Beyond the buff Jesus: What is NEXT?

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Beyond the buff Jesus: What is NEXT?

by Sarah-Dianne Jones

In case it has not already been made clear, I find myself most at home in the Presbyterian Church (USA), and the “family” that I am quickest to turn to when life is hard are all Presbyterians that I have come to know through conferences, events and, honestly, just hanging out with my parents’ friends. That said, it should come as no surprise that I was incredibly excited to learn that NEXT Church, a Presbyterian conference, fell during the MC Spring Break.

I applied for a student scholarship as soon as the application went up and hoped and prayed that I would be able to go. I had heard nothing but good things about the conference, and I couldn’t think of a better way to spend Spring Break than by hanging out in Chicago with some of my favorite Presbyterians. I ended up being able to attend the conference, and it was a wonderful experience.

NEXT Church, much like the name sounds, looks at where the church is going next. What will the church look like in five years? 10 years? There were worship services with amazing artwork daily, incredible workshops and a chance to see what new things churches are doing in Chicago. The conference was held at Fourth Presbyterian Church, a church that opens its doors to the homeless for shelter. Worship was held while homeless neighbors slept in the pews, a new experience that will remain with me for many years.

NEXT gave me a lot to think about, some of which I struggled with, particularly in regard to the way millennials were spoken of. One of the speakers claimed that “Millennials in the pews are like unicorns. You have to see it to believe it!”

Speakers and presenters, even those on Twitter, liked to bring up that if we continue to only have traditional style worship services, there will never be millennials in the pews. Several people said to me, “It must be so nice to see other millennials at this conference so that you know you aren’t alone!”

Maybe I’m odd, but I do not share that mindset. I do not hold the belief that I am alone as a millennial who is committed to the church. I am not under the impression that the reason there are fewer millennials in the pews is because of worship style, but rather, at least for many, because they don’t see the connection between Jesus’ commandment to love your neighbor as yourself and the prevalent Christian voice saying that those who are welcome are those who are considered “normal,” whatever that means.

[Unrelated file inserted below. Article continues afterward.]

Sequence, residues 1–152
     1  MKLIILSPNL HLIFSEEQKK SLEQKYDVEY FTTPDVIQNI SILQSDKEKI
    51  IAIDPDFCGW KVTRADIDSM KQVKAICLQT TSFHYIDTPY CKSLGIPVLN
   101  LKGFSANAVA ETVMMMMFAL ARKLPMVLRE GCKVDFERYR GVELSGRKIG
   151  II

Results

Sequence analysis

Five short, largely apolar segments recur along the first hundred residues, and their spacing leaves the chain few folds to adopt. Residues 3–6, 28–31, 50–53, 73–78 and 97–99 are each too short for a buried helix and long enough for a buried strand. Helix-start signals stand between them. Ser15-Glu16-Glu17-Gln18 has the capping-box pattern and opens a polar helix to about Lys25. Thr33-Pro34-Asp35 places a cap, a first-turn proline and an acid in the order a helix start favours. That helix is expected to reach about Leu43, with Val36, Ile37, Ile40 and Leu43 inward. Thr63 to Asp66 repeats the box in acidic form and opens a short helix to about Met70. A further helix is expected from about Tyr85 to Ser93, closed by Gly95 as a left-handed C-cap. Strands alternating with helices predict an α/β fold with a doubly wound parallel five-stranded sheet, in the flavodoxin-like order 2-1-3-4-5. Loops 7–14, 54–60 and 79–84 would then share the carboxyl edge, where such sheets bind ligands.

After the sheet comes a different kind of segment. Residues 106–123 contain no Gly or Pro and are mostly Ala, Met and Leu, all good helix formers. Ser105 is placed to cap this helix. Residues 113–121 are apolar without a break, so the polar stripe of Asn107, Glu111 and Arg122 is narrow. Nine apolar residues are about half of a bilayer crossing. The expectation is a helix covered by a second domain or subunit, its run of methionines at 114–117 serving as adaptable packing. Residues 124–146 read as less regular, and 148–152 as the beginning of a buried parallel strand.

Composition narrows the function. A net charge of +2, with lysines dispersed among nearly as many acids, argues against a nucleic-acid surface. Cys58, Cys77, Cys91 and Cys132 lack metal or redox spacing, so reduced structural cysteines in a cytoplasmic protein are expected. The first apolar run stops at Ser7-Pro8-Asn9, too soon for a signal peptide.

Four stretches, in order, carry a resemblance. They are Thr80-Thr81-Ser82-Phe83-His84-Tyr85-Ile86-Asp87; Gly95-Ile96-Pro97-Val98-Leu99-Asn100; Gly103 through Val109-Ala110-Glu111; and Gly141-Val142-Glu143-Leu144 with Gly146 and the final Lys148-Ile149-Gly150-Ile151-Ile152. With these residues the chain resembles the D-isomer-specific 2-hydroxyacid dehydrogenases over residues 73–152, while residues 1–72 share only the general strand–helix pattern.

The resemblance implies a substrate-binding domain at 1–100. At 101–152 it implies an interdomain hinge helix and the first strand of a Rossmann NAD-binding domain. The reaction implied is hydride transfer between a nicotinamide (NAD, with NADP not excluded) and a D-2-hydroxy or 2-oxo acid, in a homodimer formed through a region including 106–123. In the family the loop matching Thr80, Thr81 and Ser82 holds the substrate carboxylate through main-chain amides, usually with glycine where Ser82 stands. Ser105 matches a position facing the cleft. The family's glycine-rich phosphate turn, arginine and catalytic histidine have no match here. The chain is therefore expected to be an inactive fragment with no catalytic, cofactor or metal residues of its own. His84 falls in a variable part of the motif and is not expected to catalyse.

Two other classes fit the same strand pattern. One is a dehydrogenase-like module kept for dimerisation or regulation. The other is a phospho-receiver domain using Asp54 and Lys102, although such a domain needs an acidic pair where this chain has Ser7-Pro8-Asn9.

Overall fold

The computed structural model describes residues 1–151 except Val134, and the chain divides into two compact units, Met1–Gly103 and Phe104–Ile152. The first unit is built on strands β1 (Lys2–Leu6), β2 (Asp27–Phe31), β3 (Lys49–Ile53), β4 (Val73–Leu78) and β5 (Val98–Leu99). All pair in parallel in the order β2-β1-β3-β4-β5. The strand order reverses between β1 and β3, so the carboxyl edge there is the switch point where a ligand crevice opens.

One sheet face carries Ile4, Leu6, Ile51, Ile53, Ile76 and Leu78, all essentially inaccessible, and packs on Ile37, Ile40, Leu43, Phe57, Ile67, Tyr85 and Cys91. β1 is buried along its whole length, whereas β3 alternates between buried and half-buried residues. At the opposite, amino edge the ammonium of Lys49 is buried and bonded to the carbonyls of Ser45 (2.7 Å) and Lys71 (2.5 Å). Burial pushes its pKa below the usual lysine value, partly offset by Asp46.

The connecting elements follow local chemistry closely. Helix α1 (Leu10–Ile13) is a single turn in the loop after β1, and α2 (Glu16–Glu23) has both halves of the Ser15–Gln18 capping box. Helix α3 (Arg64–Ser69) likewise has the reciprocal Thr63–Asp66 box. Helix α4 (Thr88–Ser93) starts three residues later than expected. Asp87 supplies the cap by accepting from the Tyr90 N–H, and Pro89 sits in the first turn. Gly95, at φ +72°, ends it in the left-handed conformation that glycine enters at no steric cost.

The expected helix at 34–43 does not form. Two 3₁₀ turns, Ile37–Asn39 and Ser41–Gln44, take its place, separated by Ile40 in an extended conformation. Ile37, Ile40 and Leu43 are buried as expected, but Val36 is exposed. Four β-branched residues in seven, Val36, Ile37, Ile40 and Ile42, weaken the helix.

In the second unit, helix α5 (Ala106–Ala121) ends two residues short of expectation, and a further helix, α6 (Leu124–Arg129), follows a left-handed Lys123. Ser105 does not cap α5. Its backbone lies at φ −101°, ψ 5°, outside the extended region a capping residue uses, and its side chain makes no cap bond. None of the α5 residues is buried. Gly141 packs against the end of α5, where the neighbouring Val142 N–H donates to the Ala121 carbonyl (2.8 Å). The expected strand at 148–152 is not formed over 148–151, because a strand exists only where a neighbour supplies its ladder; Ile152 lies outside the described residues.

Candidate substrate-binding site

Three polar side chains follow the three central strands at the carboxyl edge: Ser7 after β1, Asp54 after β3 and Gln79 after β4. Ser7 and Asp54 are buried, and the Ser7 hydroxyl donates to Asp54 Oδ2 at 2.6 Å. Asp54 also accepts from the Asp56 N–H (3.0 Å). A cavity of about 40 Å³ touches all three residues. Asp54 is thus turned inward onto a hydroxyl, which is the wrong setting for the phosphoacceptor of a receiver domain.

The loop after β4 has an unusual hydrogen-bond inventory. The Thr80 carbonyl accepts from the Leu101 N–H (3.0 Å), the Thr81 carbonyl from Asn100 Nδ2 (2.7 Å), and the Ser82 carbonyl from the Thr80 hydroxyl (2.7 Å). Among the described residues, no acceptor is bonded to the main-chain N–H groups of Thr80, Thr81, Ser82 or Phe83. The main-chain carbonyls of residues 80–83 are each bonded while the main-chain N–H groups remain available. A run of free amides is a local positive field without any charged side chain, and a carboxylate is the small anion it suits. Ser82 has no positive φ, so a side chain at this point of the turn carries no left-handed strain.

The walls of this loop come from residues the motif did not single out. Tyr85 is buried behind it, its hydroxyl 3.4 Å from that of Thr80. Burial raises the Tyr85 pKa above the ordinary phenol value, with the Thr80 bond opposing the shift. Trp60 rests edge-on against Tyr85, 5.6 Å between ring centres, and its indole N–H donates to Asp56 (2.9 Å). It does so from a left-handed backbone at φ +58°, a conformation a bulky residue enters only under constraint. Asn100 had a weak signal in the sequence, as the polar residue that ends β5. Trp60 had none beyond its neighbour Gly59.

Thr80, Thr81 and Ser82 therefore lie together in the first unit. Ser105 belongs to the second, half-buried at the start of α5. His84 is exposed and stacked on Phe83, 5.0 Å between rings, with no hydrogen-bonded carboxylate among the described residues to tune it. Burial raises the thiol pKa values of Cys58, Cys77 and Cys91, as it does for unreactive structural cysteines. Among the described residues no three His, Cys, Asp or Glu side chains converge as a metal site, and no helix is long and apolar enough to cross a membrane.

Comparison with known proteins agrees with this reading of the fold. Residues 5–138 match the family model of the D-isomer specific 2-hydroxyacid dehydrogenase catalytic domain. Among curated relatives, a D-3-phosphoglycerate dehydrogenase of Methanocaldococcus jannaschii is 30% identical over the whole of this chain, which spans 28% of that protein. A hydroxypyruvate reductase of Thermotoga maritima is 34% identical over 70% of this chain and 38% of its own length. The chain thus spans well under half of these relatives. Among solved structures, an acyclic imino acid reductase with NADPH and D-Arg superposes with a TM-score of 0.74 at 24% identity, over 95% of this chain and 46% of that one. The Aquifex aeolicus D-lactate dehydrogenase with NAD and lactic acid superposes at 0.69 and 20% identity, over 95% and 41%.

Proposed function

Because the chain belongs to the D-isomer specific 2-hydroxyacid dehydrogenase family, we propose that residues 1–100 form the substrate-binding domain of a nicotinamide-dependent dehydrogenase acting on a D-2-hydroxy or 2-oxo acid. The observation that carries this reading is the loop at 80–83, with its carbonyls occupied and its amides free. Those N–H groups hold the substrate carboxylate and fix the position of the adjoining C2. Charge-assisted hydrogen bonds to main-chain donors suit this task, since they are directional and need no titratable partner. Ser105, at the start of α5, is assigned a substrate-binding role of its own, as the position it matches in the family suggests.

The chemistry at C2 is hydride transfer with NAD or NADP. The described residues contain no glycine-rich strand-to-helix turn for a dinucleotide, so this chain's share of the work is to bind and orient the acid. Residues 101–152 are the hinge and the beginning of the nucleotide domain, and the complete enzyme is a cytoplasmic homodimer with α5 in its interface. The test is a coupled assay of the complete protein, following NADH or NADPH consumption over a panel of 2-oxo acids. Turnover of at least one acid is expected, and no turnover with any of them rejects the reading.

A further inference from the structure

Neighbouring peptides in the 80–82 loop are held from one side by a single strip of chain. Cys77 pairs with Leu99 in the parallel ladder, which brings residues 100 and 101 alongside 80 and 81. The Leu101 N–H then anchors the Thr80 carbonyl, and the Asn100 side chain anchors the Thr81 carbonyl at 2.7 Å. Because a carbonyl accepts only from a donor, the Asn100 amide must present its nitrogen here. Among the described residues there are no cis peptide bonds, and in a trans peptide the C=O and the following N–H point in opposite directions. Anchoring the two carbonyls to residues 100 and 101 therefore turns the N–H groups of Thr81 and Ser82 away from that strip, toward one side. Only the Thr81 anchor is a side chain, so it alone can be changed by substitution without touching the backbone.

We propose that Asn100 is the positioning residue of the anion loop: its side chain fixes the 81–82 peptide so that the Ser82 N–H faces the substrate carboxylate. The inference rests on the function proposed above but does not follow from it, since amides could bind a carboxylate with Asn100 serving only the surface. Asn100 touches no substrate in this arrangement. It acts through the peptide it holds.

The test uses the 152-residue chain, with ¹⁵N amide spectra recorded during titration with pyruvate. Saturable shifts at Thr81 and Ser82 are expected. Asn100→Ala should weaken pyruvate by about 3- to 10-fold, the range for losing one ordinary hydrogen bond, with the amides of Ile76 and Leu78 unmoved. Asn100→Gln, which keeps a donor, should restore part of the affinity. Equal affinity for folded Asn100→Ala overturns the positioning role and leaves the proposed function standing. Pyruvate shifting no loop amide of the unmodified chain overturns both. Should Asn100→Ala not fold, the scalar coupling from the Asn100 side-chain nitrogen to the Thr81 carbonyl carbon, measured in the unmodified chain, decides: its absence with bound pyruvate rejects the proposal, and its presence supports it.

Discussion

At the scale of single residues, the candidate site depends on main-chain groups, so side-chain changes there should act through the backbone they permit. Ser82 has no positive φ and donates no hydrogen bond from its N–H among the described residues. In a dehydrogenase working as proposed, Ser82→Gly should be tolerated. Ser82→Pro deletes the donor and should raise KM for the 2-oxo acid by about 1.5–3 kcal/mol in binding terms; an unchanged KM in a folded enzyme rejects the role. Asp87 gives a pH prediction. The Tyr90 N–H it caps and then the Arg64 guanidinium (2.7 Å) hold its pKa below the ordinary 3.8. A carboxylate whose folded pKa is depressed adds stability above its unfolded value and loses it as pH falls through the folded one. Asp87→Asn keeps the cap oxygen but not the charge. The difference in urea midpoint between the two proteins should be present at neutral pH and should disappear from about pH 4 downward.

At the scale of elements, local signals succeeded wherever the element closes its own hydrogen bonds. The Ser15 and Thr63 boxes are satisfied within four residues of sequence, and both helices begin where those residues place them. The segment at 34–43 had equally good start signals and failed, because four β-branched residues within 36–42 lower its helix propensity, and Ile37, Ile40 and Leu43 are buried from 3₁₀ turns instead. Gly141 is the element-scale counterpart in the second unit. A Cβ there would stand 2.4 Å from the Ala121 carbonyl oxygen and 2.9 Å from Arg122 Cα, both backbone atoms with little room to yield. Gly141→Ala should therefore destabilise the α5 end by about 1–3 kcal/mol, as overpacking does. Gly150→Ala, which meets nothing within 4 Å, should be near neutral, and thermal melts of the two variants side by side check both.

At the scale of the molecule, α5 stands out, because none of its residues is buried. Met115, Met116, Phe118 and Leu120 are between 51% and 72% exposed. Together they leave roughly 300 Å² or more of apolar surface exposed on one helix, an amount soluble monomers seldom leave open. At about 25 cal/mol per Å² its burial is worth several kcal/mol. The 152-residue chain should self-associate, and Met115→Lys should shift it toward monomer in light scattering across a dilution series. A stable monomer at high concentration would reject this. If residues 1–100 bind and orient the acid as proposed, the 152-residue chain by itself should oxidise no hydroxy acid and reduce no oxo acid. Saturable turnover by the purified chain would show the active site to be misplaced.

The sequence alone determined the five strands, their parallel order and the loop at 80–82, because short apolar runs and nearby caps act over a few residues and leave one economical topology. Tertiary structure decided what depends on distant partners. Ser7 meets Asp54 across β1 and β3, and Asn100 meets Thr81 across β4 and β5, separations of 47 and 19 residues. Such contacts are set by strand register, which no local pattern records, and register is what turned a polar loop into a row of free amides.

Rachel Held Evans, a well-known writer in Dayton, Tenn., wrote in an opinion article on CNN that states: “What millennials really want from the church is not a change in style but a change in substance.”

Maybe that is what the church will look like next. Instead of being considered an unwelcoming place, perhaps in the next few years the church will see a change, will become the welcoming place that it always should have been. Progress is being made, and I think that one day true change will come.

In looking back on my time at NEXT Church, I think that what I most enjoyed was being with 660 Presbyterians, most of whom were clergy, who truly believe that a change is going to come to the church, and they want to be a part of it. These were some of the people ready to welcome everyone, not just the “normal” ones. I counted myself lucky to be among them, to learn about new ways to be the church, to ask questions and to be recharged. It was probably not the conventional way to spend Spring Break, but I wouldn’t have traded the experience for anything.

2 thoughts on “Beyond the buff Jesus: What is NEXT?

  • April 2, 2015 at 8:41 am
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    Thanks for a great article. I have forwarded it to several Presbyterian friends.

    Reply
  • April 4, 2015 at 10:18 am
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    I’m a person in recovery from mental illness, taking a class that is meant to teach me how to be a peer mentor to others recovering from mental illness, working as a medical professional at a mental health agency. For me “crazy” is perfectly normal and I’m perfectly comfortable with those considered not normal. They tend to be more real. I like your way of thinking. And just for a little encouragement, my presbyterian church is open to hosting support groups for the mentally ill. Change is coming

    Reply

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